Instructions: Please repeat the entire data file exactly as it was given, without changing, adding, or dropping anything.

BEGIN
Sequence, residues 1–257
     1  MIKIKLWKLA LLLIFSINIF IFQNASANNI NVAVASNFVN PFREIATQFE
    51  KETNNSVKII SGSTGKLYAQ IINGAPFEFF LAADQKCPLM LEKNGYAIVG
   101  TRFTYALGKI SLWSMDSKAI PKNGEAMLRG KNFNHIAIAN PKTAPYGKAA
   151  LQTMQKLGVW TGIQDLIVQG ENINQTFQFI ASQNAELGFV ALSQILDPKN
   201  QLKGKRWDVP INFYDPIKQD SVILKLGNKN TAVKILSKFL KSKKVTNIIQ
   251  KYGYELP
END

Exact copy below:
Sequence, residues 1–257
     1  MIKIKLWKLA LLLIFSINIF IFQNASANNI NVAVASNFVN PFREIATQFE
    51  KETNNSVKII SGSTGKLYAQ IINGAPFEFF LAADQKCPLM LEKNGYAIVG
   101  TRFTYALGKI SLWSMDSKAI PKNGEAMLRG KNFNHIAIAN PKTAPYGKAA
   151  LQTMQKLGVW TGIQDLIVQG ENINQTFQFI ASQNAELGFV ALSQILDPKN
   201  QLKGKRWDVP INFYDPIKQD SVILKLGNKN TAVKILSKFL KSKKVTNIIQ
   251  KYGYELP